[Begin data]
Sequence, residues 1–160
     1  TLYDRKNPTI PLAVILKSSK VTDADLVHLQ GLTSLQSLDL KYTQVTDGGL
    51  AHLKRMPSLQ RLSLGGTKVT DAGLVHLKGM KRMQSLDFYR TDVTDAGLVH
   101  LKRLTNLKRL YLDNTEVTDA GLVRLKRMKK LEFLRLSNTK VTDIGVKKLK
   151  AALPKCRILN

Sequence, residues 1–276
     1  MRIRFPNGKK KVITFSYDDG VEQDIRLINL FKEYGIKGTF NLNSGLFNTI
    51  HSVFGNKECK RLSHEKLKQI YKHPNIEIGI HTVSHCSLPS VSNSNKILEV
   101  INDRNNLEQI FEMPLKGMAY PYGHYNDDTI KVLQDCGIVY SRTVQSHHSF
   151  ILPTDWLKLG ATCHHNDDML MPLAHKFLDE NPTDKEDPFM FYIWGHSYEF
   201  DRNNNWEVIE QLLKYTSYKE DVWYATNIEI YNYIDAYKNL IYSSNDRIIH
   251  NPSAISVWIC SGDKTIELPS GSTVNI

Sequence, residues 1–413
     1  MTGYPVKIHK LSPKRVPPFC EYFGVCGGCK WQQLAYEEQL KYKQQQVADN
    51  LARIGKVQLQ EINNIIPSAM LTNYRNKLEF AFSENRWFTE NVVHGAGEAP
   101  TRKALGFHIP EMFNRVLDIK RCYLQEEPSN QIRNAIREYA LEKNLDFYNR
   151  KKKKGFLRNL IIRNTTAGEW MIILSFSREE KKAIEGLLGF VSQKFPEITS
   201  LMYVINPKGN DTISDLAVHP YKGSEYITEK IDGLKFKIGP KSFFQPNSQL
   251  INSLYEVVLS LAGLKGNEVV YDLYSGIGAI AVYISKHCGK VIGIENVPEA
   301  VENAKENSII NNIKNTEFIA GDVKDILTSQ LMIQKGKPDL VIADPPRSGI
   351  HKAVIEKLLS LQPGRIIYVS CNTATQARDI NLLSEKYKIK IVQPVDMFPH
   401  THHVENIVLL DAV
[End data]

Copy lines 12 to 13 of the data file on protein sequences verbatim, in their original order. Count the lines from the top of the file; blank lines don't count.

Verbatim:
   251  NPSAISVWIC SGDKTIELPS GSTVNI

Sequence, residues 1–413